Our comprehensive eye exams are very thorough, particularly if it’s your first time here. Please allow yourself an hour for your visit. A standard exam includes an assessment of:
- Distance and near vision in both eyes
- Color vision
- Depth perception
- Eye teaming and muscle coordination
- Automated and Subjective Refraction (measurement for a glasses prescription)
- Corneal topography (maps of the surface of the eye, measures astigmatism)
- Eye pressure (glaucoma-related test)
- Pupil responses
- External and internal eye structures
To examine the back of the eye, our doctors can view the retina through a dilated pupil using the microscope and specialty lenses. The dilation drops relax the focusing muscles as well as make the pupil larger for 4-6 hours. In children 12 and under, a different formula is used to determine the need for glasses, as their focusing muscles are much stronger than adults. The “kids” formula can last up to 12 hours. If you’ve forgotten sunglasses, we will give you disposable ones at the end of the exam.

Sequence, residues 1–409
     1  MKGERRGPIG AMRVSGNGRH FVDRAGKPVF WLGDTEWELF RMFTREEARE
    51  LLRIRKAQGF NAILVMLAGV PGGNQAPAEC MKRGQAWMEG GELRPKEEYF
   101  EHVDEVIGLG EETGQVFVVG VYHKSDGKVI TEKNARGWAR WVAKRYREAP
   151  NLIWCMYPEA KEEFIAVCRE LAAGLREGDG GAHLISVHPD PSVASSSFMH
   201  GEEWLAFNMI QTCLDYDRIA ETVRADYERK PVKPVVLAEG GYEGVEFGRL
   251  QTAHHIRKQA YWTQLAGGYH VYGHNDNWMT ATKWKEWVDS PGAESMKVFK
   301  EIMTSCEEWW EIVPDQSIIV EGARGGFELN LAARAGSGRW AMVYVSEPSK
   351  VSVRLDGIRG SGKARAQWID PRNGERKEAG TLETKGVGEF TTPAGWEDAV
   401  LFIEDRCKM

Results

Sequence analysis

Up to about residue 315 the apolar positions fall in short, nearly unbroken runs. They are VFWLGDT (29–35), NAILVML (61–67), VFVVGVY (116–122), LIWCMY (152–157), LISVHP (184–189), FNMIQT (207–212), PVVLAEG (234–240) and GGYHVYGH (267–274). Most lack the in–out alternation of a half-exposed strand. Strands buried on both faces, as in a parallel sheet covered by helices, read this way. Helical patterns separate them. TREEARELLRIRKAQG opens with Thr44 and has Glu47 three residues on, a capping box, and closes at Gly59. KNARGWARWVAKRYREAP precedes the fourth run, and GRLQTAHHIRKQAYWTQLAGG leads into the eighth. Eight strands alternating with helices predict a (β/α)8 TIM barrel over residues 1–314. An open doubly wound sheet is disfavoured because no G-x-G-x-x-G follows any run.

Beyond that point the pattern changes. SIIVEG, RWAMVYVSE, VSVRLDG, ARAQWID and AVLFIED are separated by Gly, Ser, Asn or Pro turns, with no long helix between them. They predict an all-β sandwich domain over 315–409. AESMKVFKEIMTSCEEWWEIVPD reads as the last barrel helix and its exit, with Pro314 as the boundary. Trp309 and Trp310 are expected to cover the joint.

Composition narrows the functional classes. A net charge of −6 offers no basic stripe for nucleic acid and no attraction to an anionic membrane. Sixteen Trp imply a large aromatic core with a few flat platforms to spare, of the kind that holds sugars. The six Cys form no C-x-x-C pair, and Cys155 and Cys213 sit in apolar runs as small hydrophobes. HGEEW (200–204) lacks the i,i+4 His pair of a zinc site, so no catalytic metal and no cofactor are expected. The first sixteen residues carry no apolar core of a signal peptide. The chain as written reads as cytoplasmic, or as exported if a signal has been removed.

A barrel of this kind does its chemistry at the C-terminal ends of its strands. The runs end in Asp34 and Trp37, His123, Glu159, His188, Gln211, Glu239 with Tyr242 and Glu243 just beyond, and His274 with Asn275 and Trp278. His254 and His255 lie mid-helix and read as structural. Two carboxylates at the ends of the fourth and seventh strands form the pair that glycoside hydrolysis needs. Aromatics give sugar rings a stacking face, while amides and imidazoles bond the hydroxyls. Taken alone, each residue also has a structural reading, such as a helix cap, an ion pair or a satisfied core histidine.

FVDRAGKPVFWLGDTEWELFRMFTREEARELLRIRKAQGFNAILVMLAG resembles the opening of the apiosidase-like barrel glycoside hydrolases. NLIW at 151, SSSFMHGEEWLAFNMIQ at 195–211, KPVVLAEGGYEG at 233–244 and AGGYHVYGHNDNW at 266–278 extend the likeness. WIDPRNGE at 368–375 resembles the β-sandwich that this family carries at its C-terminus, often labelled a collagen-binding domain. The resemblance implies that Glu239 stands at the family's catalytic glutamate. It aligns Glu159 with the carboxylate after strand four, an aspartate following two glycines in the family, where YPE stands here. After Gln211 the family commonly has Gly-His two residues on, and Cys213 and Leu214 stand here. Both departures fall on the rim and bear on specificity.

We offer screening retinal photos as an alternative to dilation for adults who do not have a history disease inside the eye, diabetes, or other symptoms supporting a dilated exam. You can read more about digital retinal images on our Advanced Technologies page.
Not sure if you should be dilated? At the time of your exam, our technicians or doctors will discuss their recommendation with you.
Why do they dilate my eyes?
Dilation gives a more extensive view of the internal structures of the eye. Times when dilation will be recommended rather than the screening photos include…
- Symptoms of flashing lights or new floaters in your vision
- Darkened or missing parts of vision
- Blurry vision that can’t be corrected or explained
- Diabetic annual exams
- A retinal disease history, such as macular degeneration
- Cataract evaluation
- Small pupils (cannot obtain clear images with photos)
- 3 or more years since last dilated exam